Multi-asset trading during periods of high volatility: Retail traders take on the institutional world
Equipped with algorithmic trading solutions, retail traders today are able to navigate periods of high volatility in the same way that the trading desks of resource-rich institutions can.
Periods of high volatility have become something of a cat-and-mouse affair within many FX brokerages these days.
If there is a geopolitical event such as last week’s rally of currency volatility as traders attempted to cash in on the results of the British referendum on European Union memebrship resulting in a massive spike in trading activity among retail traders to the point at which brokers using technology provider Leverate’s solution, all of which are retail brokerages, conducted an extra 277% of volume via the liquidity service that the company offers during that week alone.
It was not just the currency markets that attracted very high trading volumes as traders did not fear the potentially adverse consequences of volatile markets, but also the commodities and stock markets that were the subject of some very accurate analysis that allowed some astute traders to navigate the market very effectively indeed.
Saxo Bank’s equities desk was a case in point. The company opened 21 aggressive trades on company stock in one day, with the company’s Head of Equity Strategy speaking to FinanceFeeds last week from Saxo Bank’s head office in Hellerup, Denmark explaining “When the cash market opened our first aggressive trade was in Repsol (REP:xmce) that opened 18% down despite energy stocks in Asia on average were only down 2-4% This was the first gross mispricing in the European equity market.”
“We immediately bought large exposure and the stock rebounded 12% in 13 minutes. That made us smell blood in the streets!!” – Peter Garnry, Head of Equity Strategy, Saxo Bank
The company also placed small directional bets on a scenario in which the UK may remain in the EU, one of them being a long Nikkei 225 and also long on UBI Banca, however the firm adapted its strategy following the result and began rapid intraday trading in 21 instruments for the first 90 minutes of the European cash equity trading. This is when the firm began to profit from its Repsol deals.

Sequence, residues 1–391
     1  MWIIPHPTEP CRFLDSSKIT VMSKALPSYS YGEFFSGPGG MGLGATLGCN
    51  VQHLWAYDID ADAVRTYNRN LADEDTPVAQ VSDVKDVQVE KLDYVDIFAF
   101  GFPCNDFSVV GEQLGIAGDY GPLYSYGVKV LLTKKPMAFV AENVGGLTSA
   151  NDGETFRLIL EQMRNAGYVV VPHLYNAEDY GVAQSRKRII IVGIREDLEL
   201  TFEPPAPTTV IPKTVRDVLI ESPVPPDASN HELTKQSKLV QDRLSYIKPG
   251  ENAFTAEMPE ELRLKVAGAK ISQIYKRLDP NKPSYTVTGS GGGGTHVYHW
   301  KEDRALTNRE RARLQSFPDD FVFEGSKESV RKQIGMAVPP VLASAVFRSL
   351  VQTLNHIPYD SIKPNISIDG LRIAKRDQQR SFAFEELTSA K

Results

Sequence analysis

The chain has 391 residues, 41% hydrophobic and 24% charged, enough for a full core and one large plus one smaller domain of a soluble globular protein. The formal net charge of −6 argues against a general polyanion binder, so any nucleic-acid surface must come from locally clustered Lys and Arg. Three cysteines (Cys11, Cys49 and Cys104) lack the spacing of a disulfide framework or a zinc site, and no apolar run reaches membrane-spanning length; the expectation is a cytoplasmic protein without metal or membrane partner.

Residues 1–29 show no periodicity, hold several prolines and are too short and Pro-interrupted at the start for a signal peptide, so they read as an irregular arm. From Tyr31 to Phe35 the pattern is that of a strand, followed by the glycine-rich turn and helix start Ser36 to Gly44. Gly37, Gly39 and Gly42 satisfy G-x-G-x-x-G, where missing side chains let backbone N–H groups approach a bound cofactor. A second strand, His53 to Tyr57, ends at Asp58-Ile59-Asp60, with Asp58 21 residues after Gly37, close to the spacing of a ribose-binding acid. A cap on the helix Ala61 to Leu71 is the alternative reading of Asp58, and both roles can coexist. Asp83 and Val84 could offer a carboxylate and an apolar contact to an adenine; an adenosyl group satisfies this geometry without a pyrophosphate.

“We could not send out trading ideas out to clients at that speed as we had to seize the opportunityto take advantage of the exceptional levels of mispricing. We did circulate our activity ad hoc on emails to clients” said Mr. Garnry.
“Our first position was aggressively adding a large exposure in STOXX 50 in the area 2,675-2,700 immediately taking our portfolio from gross exposure of around 100% and net exposure of 7% to around 200% gross and 107% net” – Peter Garnry, Head of Equity Strategy, Saxo Bank.
“When the UK banks opened down 30-35%, we immediately copied our Repsol trade in Barclays and Royal Bank of Scotland” continued Mr. Garnry.
So, how do you, as a retail trader master a market which is volatile and make the most of a situation in which it is possible to trade quickly and effectively across multiple asset classes, emulating the highly technologically advanced and resource-rich trading desks of the major firms.
Today, FinanceFeeds spoke to electronic trading technology specialist Tradency, whose CEO Lior Nabat explained “Tradency stands out due to the fact that its data comes from professional, experienced trader such as hedge funds and algo-development companies, with aggregated tens of years of experienced in the market.”
“Tradency’s algos are diversified and trade many different assets” continued Mr. Nabat.
We have noticed that in volatile “black swan” times such as the recent Brexit, the professional expert traders stayed off the game. Letting the market find its direction again and only then re-entering. By that they are protecting their algos and the traders following them from the turmoil but still enter the market in time to leverage on the changes”- Lior Nabat, CEO, Tradency
In conclusion, Mr. Nabat said “The vast majority of Tradency’s algo providers did not open any positions during the Brexit but waited a short while and only then did they send signals again.”
This alludes toward a base of traders which waited, biding their time, until the result of the referendum was announced and then began to operate their algorithmic systems again, therefore trading a very volatile market.
It is of great interest that traders were not scared away from the markets by the potential volatility that could have ensued, and the very real volatility that did ensue from Britain’s decision to leave the European Union.
Indeed, quite the contrary. Using sophsiticated trading technology which spans multiple asset classes and often uses algorithmic methodology whilst backed by brokerages that have implemented prudent risk management spurred a trading spike, even against headwinds such as the interbank FX dealers having increased the spread on GBP pairs by half a cent on June 22.
It is becoming very clear indeed that there is a vast segment of traders worldwide which are confident, familiar with the entire structure of the markets and are emulating their peers in the institutional world.